• Because of its simplicity, the lambda calculus is a useful tool for the study and analysis of programming languages.

## 2. CFG for the Lambda Calculus

• The central concept in the lambda calculus is an expression which we can think of as a program that when evaluated returns a result consisting of another lambda calculus expression.
• Here is the grammar for lambda expressions:
• ``````
expr → λ variable . expr | expr expr | variable | ( expr ) | constant
``````
• A `variable` is an identifier.
• A `constant` is a built-in function such as addition or multiplication, or a constant such as an integer or boolean. However, as we shall see, all programming language constructs can be represented as functions with the pure lambda calculus so these constants are unnecessary. However, we will use some constants for notational simplicity.

## 3. Function Abstraction

• A function abstraction, often called a lambda abstraction, is a lambda expression that defines a function.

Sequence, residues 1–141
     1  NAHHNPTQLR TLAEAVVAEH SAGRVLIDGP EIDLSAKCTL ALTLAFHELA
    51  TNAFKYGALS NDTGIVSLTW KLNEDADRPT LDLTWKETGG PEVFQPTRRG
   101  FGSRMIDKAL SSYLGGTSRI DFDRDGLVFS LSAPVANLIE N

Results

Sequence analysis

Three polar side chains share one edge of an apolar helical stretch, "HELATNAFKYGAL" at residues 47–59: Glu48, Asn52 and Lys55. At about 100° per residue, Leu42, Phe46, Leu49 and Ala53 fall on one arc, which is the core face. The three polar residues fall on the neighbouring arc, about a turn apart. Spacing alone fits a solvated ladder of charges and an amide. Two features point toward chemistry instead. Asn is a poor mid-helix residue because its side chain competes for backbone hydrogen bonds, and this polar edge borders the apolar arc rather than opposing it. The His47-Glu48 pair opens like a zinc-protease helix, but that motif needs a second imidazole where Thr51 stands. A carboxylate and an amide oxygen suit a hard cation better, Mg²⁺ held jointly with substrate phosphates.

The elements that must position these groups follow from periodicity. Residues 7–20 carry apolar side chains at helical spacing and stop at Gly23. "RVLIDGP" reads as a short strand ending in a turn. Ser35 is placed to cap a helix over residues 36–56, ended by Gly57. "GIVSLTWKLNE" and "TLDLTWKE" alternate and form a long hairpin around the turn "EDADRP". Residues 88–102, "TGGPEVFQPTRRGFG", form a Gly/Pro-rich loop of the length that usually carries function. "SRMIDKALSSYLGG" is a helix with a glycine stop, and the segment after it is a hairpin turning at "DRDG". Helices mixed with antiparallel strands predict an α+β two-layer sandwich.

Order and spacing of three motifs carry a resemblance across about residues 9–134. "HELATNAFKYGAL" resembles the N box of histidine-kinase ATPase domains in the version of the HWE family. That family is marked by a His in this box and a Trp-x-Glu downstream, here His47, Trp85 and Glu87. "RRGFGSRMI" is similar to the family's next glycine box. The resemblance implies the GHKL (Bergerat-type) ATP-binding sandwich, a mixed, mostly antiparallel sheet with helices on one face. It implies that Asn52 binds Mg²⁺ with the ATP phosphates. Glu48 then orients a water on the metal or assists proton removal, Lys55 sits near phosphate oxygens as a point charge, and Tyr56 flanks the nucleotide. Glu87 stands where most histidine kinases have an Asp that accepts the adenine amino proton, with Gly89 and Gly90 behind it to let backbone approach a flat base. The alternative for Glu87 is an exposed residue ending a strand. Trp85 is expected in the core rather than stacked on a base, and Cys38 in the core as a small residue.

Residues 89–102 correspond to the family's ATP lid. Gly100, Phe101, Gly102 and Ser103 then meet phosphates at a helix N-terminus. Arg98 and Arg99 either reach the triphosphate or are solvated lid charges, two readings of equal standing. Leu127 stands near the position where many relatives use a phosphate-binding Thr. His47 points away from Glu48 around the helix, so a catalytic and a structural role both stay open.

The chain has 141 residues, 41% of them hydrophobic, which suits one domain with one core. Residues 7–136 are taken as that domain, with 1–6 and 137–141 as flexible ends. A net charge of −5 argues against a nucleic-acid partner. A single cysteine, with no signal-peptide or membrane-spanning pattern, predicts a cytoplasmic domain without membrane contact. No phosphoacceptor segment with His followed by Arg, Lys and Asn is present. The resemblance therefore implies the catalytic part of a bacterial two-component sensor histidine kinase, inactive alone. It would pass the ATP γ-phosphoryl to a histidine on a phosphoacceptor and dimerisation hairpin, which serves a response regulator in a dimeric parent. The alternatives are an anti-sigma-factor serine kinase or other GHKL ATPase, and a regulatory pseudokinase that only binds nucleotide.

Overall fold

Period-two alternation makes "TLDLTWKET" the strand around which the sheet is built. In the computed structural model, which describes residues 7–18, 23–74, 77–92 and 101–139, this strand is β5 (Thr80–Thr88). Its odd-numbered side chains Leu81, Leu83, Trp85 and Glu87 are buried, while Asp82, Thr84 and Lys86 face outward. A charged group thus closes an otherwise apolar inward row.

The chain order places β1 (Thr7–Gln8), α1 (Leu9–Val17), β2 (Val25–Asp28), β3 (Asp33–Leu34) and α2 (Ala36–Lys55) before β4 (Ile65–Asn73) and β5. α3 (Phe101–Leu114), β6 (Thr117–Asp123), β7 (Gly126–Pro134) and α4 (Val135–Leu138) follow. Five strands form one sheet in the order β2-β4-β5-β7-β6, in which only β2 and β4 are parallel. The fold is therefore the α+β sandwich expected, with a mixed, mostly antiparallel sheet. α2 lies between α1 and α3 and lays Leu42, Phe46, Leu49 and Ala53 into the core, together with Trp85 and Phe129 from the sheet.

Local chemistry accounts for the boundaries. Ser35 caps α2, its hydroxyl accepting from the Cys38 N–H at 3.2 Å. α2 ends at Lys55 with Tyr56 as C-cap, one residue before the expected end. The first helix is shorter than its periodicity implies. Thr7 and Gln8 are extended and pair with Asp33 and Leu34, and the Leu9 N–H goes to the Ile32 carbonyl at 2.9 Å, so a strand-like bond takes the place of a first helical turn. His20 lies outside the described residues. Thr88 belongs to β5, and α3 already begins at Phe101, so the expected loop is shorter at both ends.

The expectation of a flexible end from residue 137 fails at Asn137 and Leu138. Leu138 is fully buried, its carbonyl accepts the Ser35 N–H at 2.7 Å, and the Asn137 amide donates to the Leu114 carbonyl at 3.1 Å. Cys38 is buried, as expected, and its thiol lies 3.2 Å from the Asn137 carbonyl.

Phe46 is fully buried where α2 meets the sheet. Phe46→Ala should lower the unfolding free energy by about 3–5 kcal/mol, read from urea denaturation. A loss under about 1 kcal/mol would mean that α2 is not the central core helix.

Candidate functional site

• A function abstraction consists of four parts: a lambda followed by a variable, a period, and then an expression as in `λx.expr`.
• In the function abstraction `λx.expr` the variable `x` is the formal parameter of the function and `expr` is the body of the function.
• For example, the function abstraction λx. + x 1 defines a function of x that adds x to 1. Parentheses can be added to lambda expressions for clarity. Thus, we could have written this function abstraction as λx.(+ x 1) or even as (λx. (+ x 1)).
• In C this function definition might be written as
• ``````
int addOne (int x)
{
return (x + 1);
}
``````